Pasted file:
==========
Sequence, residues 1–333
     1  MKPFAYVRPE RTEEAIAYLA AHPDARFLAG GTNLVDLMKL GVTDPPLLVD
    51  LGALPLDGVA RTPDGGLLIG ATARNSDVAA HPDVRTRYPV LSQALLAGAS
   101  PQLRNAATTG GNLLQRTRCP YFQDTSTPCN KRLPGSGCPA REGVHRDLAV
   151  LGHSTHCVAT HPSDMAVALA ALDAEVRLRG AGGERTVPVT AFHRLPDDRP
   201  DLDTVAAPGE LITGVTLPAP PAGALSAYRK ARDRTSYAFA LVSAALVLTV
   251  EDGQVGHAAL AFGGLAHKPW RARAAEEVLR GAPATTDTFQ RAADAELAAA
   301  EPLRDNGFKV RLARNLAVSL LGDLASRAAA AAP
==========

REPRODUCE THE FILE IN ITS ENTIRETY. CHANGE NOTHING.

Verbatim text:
Sequence, residues 1–333
     1  MKPFAYVRPE RTEEAIAYLA AHPDARFLAG GTNLVDLMKL GVTDPPLLVD
    51  LGALPLDGVA RTPDGGLLIG ATARNSDVAA HPDVRTRYPV LSQALLAGAS
   101  PQLRNAATTG GNLLQRTRCP YFQDTSTPCN KRLPGSGCPA REGVHRDLAV
   151  LGHSTHCVAT HPSDMAVALA ALDAEVRLRG AGGERTVPVT AFHRLPDDRP
   201  DLDTVAAPGE LITGVTLPAP PAGALSAYRK ARDRTSYAFA LVSAALVLTV
   251  EDGQVGHAAL AFGGLAHKPW RARAAEEVLR GAPATTDTFQ RAADAELAAA
   301  EPLRDNGFKV RLARNLAVSL LGDLASRAAA AAP